To see how this worked in more detail, it is best to forget the physical picture of the Enigma and concentrate on a logical diagram of how the electrical current effected substitutions:

Circuit Diagram of the Enigma with Plugboard

The keyboard was laid out as follows:


The same arrangement was used for the lamp panel and the plugboard.

In this illustration, when key W is pressed on the keyboard (5) current from the battery (4) flows to the plugboard panel socket W, but socket W has been plugged to socket X so current flows up to the entry disc (E) at point X.
The current then flows through the internal wiring in the rotors (2) to the reflector (1). Here it is turned round and flows back through the rotors in the reverse direction emerging from the entry disc at terminal H. Terminal H on the Entry disc is connected to socket H on the plugboard (6) but this socket is plugged to socket I so finally the current flows to lamp I which lights up.
Thus in this instance, the letter W is enciphered to I.

You can now also see that if the key I had been pressed, the lamp W would have lit up. This is because the path from W to I through the steckers and rotors remains the same, though with the current flowing in the opposite direction.

When the W key is pressed the connection to the W lamp is broken and the I lamp lights. If the I key is now pressed down the connection to the I lamp is broken and the W lamp lights. Here is a more technical description of the plugboard.

The motion of the rotors

Now you will recall from our introduction that the whole point of the rotors is that they must rotate, so that every time a letter is enciphered, the machine is in a different configuration. So, when a key on the keyboard is pressed down, a mechanical linkage causes the right hand rotor to turn by 1/26 of a revolution, i.e. by one letter on the alphabet ring.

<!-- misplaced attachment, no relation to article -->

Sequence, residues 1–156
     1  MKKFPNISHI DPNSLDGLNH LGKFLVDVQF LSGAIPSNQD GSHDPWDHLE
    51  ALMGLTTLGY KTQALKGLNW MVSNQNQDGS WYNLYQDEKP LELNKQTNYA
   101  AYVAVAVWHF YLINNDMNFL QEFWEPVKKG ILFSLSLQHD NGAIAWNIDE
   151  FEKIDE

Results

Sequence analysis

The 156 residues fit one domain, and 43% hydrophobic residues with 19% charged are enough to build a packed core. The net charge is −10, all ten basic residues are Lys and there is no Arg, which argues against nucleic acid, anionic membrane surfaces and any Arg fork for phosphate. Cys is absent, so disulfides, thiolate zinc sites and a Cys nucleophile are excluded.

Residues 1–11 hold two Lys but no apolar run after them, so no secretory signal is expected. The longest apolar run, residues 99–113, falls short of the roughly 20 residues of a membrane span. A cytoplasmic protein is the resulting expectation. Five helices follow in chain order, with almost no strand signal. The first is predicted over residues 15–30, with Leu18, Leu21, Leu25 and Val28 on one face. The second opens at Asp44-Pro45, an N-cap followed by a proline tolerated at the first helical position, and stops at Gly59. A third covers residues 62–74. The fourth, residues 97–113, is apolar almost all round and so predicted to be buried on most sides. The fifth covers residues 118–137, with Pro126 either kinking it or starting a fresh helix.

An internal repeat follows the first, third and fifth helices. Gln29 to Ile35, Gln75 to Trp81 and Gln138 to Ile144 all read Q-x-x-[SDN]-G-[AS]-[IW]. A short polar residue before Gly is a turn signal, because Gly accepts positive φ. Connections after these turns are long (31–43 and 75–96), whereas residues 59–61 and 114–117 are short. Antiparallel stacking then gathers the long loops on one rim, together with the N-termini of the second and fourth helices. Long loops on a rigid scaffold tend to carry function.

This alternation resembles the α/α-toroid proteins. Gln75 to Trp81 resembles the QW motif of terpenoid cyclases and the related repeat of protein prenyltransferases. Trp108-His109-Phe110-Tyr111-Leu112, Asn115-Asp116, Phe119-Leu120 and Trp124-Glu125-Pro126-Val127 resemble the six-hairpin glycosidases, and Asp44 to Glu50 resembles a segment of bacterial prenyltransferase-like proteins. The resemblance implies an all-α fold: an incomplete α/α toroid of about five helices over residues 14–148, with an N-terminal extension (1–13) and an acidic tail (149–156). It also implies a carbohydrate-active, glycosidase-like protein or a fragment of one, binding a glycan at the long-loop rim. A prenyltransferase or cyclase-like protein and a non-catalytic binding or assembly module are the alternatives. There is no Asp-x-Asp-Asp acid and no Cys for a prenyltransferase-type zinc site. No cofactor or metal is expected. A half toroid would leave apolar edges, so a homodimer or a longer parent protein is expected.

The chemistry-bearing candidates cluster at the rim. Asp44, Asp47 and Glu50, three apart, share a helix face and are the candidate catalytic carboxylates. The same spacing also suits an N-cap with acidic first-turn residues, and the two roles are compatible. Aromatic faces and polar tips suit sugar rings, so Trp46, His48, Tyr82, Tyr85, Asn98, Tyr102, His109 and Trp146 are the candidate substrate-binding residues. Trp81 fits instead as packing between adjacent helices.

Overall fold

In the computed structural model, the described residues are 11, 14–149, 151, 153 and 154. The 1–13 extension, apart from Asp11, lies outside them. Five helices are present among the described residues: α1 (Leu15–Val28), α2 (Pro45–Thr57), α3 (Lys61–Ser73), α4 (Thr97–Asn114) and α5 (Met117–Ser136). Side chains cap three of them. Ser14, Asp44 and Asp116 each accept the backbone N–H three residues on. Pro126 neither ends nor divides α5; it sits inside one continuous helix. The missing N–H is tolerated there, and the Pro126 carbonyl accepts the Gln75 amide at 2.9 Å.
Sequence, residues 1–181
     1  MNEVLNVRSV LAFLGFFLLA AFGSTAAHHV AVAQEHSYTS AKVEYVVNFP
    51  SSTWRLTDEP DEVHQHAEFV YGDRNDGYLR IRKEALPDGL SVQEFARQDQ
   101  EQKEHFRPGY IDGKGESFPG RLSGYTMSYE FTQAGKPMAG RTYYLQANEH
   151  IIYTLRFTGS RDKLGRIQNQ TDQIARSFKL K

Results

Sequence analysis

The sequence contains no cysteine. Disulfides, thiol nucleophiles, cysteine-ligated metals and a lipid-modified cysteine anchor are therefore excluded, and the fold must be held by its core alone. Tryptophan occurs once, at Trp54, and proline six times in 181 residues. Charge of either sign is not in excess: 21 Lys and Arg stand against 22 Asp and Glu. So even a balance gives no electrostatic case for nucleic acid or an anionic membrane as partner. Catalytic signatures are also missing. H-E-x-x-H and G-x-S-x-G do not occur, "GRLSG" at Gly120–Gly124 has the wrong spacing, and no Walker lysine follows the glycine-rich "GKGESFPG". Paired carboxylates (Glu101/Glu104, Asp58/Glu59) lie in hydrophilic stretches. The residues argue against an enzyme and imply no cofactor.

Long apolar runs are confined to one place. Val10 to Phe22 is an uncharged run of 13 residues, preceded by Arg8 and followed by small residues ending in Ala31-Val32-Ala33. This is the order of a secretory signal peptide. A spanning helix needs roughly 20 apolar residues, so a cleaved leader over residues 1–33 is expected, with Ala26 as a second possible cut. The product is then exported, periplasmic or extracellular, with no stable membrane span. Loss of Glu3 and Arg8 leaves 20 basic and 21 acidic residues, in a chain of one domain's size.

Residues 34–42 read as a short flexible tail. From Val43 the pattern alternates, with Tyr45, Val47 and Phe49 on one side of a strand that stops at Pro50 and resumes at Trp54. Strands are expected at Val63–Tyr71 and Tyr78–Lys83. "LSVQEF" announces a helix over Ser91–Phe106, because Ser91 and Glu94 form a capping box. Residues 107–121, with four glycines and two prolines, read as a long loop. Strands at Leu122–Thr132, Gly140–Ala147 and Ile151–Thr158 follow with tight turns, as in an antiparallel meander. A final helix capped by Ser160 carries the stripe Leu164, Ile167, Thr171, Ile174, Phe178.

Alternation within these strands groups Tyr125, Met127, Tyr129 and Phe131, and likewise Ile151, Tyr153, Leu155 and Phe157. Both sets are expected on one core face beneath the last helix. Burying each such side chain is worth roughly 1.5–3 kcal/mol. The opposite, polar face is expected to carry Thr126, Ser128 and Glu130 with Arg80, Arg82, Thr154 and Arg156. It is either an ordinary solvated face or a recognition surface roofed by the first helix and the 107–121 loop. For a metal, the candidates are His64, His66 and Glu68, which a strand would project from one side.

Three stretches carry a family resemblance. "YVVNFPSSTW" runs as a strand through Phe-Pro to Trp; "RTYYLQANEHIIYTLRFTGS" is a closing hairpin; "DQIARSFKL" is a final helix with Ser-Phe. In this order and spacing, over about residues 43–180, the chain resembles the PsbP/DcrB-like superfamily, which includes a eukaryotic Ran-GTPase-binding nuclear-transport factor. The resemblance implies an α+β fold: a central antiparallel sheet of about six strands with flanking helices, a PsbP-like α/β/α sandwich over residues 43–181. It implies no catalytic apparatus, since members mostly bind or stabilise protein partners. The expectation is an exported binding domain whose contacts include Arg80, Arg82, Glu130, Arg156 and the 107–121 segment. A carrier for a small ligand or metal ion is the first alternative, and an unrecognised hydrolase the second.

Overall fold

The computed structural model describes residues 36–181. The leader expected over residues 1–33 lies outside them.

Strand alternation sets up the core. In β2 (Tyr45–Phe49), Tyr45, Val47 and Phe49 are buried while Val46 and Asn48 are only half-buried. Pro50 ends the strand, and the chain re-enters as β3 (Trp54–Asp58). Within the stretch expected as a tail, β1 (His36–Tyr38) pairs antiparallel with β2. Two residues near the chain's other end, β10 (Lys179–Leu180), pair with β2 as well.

This means that the next time a key is pressed, the substitution effected by the rotors is quite different.

At certain points on the rotation of the right hand rotor, the motion is 'carried' to the middle rotor, M which then moves on one letter. Carry will also occur from the middle to the left hand rotor when the carry notch engages, but obviously this will happen much less often.

(A technical note is needed here for the exact simulation of the machine: the Enigma sent the current through the wires AFTER the mechanical linkage had moved the right-hand wheel and any other wheels knocked on by the carry mechanism.)

The principle is just the same as the 'carry' on an adding machine knocking on to tens, hundreds and thousands, but there is a subtlety in the design affecting the point at which the knocking-on occurred.

To appreciate this we must first describe the alphabet RING settings.

The ring setting

Referring again to figure 4, not that on each rotor there is a spring loaded catch (4). When this is pulled to the right the ring (or tyre) can be turned with respect to the core of the rotor. In fact the ring for each rotor can be set by the operator in any one of 26 possible settings.

The effect of this is that the core which contains the wiring, is turned in relation to the letter showing in the window of the Enigma machine.

At first sight this extra complication might seem rather pointless because it did not change anything to do with the essential scrambling going on inside the system. However the indicator systems, to which we will come later, depended on describing the 'window position' of the rotor, and the ring-setting determined the relationship between the window letters and the actual scramblings. Furthermore, the carry mechanism is affected by the ring setting. The 'carry' point is in fact determined by the position of the carry notch (8) in figure 4, and the crucial point is that this notch is attached to the alphabet RING, and not to the core of the rotor.
The carry notch was arranged to be in a different position for each of the rotors I, II, III, IV, V. This turned out to be a bad cryptographic mistake; it helped first the Poles and then the British analysts at Bletchley Park to identify the right hand rotor in use.

Continue to see the Enigma in military use and the problem facing the cryptanalysts.

This page was created by Tony Sale
the original curator of the Bletchley Park Museum
Technical assistance from Andrew Hodges